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Bernie Sanders: America Starves and Bombs Little Children

Sen. Bernie Sanders (I., Vt.) joked during an interview with Sarah Silverman released Thursday that the United States kills children and destroys homes, but at least its senators don’t swear.

The comedian interviewed Sanders as part of her Hulu show "I Love You, America." After Silverman loudly greeted Sanders in the Dirksen Senate Office Building, Sanders told her to quiet down.

Silverman replied that she will use her "indoor voice." Sanders pointed out that they "can’t even use dirty words. This is the United States Senate."

"We just, um, starve little children, we go bomb houses and buses of children, and we give tax breaks to billionaires," Sanders added. "But we don’t use dirty words."

Later in the interview, Sanders said, "This whole place is built on a lie."

Sanders likely meant to reference the ongoing conflict in Yemen, in which a Saudi coalition has undertaken a bloody campaign against Houthi forces. The conflict, which broke out in 2015, followed a failed 2011 transition of power from Yemen’s strongman president Ali Abdullah Saleh.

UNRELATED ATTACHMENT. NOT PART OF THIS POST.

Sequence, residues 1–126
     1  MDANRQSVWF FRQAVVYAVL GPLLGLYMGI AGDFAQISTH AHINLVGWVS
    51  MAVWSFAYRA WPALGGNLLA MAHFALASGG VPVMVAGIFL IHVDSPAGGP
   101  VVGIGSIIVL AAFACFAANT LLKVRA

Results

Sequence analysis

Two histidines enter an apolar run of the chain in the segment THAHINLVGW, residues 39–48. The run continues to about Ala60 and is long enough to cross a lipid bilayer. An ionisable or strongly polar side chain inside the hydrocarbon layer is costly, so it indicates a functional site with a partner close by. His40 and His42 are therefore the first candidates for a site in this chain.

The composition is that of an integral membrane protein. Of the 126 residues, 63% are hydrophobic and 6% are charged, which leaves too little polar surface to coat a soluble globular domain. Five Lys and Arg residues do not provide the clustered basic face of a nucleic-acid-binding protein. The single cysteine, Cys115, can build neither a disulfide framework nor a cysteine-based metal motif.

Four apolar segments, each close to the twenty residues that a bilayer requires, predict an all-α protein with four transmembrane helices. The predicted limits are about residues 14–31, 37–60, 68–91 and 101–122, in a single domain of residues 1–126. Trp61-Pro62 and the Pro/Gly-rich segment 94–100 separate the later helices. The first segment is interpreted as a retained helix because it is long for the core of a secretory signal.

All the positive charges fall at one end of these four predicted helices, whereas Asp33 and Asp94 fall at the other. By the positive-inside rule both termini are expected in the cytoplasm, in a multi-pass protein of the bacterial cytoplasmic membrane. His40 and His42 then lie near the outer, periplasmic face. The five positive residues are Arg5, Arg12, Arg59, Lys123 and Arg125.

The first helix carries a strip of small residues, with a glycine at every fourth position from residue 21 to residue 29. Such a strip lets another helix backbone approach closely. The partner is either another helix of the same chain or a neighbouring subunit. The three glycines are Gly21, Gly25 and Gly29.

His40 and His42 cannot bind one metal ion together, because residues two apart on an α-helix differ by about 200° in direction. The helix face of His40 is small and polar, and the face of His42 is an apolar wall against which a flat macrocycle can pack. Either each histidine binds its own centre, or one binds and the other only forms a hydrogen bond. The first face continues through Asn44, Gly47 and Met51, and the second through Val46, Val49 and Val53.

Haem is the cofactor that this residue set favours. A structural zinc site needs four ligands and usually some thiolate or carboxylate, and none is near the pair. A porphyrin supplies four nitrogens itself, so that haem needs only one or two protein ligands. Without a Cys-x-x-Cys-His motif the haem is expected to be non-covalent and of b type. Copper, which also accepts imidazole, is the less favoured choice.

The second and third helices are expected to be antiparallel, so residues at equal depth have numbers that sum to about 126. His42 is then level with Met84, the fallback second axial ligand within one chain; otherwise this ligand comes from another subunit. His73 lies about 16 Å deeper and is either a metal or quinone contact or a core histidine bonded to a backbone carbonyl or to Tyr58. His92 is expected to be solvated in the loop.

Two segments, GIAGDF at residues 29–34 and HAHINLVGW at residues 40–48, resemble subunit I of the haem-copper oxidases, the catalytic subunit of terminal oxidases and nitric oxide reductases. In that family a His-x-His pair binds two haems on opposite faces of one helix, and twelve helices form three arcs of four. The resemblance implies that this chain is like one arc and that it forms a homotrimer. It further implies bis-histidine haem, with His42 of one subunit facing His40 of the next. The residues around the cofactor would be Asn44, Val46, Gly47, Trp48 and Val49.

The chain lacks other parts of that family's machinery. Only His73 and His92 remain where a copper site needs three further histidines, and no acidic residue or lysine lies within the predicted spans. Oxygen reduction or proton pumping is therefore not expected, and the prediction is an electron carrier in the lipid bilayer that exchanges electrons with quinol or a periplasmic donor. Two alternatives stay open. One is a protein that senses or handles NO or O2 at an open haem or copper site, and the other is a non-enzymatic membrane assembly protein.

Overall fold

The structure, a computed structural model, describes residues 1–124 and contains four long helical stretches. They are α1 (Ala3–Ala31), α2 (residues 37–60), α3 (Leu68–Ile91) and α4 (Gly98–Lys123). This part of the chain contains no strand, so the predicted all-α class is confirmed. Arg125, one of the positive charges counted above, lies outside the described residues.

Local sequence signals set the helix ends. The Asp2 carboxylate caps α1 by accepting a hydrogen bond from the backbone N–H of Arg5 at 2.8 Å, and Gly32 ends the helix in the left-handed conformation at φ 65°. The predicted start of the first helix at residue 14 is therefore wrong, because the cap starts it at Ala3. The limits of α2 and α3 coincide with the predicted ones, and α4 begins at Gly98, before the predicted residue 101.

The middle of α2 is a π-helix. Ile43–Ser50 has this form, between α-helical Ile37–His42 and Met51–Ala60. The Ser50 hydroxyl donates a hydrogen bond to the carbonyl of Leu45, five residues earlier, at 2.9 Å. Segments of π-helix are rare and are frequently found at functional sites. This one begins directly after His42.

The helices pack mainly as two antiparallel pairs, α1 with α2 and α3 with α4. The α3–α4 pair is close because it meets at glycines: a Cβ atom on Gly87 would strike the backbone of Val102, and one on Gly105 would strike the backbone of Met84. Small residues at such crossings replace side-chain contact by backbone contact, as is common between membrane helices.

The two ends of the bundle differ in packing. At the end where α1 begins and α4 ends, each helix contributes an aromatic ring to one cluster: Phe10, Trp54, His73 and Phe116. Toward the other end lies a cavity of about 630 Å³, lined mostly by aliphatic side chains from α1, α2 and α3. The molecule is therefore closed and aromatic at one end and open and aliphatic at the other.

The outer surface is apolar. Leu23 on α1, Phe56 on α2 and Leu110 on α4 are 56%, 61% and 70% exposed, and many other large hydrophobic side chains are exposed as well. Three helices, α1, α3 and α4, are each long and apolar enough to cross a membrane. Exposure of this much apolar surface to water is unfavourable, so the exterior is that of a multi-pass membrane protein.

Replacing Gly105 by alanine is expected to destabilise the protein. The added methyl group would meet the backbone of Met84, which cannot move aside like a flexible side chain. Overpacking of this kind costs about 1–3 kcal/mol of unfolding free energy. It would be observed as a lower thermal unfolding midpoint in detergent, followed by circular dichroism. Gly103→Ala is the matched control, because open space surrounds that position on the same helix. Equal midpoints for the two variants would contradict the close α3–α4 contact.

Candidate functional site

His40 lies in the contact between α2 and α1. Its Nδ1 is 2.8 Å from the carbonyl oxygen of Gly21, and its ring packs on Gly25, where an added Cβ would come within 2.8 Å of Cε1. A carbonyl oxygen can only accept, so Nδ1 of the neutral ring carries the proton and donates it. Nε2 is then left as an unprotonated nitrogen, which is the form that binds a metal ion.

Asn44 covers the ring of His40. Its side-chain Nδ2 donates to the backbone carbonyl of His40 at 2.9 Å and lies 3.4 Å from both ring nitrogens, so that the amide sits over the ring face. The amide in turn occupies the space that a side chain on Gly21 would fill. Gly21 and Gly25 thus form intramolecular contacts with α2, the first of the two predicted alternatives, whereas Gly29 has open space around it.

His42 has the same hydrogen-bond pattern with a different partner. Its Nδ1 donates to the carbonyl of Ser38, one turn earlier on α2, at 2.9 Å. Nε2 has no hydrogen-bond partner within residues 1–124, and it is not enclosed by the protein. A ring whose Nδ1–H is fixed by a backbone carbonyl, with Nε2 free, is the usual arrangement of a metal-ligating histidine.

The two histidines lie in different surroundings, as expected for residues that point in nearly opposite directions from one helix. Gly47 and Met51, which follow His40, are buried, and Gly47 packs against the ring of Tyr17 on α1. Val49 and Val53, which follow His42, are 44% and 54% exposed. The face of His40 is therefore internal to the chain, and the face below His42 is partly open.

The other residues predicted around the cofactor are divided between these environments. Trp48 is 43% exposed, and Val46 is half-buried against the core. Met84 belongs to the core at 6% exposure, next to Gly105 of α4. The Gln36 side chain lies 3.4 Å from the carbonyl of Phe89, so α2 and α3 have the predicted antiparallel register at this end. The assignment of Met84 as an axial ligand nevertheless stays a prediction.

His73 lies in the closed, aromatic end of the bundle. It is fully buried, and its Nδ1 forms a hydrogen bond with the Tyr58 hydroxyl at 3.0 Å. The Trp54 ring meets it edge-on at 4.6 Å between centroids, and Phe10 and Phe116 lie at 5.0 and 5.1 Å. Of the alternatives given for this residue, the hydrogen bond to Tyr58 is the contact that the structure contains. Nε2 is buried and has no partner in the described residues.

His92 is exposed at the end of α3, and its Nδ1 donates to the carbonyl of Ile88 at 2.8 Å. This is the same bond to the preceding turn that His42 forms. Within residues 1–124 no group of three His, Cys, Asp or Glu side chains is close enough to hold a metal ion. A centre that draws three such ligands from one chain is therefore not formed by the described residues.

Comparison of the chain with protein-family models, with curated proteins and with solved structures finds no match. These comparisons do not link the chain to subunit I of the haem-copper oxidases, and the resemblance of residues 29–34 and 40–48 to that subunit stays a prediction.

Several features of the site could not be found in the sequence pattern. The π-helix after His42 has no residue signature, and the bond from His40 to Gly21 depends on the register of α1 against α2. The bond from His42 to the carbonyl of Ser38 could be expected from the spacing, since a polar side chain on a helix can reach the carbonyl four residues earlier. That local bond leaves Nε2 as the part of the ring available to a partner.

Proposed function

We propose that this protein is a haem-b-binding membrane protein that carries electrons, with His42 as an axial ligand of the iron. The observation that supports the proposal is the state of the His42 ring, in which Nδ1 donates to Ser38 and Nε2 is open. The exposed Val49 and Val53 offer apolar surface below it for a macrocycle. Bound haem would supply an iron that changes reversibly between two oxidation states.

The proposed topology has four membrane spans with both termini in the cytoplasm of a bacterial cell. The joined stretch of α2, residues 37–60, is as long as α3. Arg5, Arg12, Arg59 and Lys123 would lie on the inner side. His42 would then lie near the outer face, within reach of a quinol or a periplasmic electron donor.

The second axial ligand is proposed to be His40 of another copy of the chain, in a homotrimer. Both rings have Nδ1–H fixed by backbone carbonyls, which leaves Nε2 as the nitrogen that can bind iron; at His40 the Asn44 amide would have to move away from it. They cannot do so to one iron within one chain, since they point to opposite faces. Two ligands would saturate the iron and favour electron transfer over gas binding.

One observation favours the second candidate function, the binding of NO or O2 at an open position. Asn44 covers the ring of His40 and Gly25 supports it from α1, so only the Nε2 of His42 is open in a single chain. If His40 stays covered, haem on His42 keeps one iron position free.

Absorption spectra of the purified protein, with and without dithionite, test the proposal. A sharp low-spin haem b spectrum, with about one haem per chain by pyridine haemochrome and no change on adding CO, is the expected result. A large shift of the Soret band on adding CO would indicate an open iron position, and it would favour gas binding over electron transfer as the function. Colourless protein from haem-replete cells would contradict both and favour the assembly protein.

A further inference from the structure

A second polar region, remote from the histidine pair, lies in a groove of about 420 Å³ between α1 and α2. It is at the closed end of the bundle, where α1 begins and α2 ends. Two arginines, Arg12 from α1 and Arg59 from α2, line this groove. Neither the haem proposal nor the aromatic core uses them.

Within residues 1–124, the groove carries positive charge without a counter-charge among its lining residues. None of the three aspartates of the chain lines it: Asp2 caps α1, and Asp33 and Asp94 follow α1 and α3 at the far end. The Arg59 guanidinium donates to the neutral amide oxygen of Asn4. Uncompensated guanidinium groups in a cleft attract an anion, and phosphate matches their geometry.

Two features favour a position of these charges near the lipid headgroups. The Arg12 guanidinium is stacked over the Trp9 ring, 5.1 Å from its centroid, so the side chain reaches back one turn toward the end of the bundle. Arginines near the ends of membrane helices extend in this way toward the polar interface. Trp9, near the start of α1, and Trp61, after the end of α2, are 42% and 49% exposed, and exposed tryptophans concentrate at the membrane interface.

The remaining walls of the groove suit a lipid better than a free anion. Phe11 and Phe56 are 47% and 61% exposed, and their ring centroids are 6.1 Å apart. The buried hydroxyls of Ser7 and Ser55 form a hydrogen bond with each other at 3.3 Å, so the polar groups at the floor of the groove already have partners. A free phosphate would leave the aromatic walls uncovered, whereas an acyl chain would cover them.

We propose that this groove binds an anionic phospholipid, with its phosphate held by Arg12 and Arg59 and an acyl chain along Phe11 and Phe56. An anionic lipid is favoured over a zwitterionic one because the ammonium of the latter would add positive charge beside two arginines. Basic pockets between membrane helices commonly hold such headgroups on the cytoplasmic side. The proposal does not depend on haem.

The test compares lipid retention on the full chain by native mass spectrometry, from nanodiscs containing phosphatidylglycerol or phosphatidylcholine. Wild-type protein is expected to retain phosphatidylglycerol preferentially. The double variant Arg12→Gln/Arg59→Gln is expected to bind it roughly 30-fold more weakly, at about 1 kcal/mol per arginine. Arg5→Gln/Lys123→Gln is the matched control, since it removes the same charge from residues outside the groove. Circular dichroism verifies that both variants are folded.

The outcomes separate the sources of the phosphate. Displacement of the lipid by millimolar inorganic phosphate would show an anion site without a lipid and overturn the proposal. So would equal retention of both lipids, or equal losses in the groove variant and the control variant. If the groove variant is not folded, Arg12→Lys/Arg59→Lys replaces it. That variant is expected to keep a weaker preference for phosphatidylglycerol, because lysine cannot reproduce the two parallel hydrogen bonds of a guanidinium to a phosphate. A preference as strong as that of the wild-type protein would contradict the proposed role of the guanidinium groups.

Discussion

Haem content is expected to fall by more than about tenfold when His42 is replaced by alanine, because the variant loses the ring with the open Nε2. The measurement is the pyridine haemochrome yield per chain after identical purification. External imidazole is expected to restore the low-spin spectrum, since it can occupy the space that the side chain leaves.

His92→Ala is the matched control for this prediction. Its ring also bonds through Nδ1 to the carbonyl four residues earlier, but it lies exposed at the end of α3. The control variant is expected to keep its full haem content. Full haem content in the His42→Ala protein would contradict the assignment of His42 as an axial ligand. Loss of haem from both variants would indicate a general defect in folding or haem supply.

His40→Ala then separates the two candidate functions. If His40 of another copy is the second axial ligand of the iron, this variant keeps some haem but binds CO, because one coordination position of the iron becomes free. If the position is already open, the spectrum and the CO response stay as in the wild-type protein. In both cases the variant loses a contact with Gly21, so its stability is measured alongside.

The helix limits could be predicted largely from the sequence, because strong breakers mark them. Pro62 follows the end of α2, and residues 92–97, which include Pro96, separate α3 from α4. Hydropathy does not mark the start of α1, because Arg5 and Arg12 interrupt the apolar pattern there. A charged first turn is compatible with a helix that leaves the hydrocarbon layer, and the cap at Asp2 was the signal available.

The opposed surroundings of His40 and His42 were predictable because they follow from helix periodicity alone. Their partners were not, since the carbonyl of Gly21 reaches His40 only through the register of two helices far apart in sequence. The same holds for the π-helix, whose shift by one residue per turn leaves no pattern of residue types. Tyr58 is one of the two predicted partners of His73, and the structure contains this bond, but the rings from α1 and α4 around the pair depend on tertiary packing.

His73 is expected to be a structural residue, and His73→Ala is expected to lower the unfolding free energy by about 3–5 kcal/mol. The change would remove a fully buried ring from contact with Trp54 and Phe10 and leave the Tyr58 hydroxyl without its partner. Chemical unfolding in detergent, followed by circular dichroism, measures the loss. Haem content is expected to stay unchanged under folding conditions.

The United Nations World Food Programme believes 80 percent of children under five are acutely malnourished. Of the whole population, 8.4 million out of 29 million, are at risk of starvation, per U.N. figures, and that number is expected to rise.

Sanders has repeatedly protested since a Saudi coalition killed dozens of children aboard a school bus in Saada province in August. An apology and promise to hold responsible parties "accountable" followed, though a spokesman for the forces initially claimed the attack was aimed at rebels aboard the bus.

CNN reported that the bomb used in the strike was American-made, and delivered to Saudi Arabia as part of a State Department-sanctioned sale.

The Washington Post reported that the United States is providing the coalition "with refueling, intelligence and billions in weapons sales."

Much of the humanitarian aid for Yemen passes through the port at Hodeida, presently under Houthi control and ongoing coalition bombing.

Later in their conversation, Silverman lamented how "the Right has weaponized the idea of socialism," accusing them of "go[ing] to the well of fear, of what is unknown."

Sanders proudly noted "that in the last couple of years, ideas that a few years ago seemed to be radical and extreme–"

"–are becoming mainstream!" Silverman interjected, completing his sentence.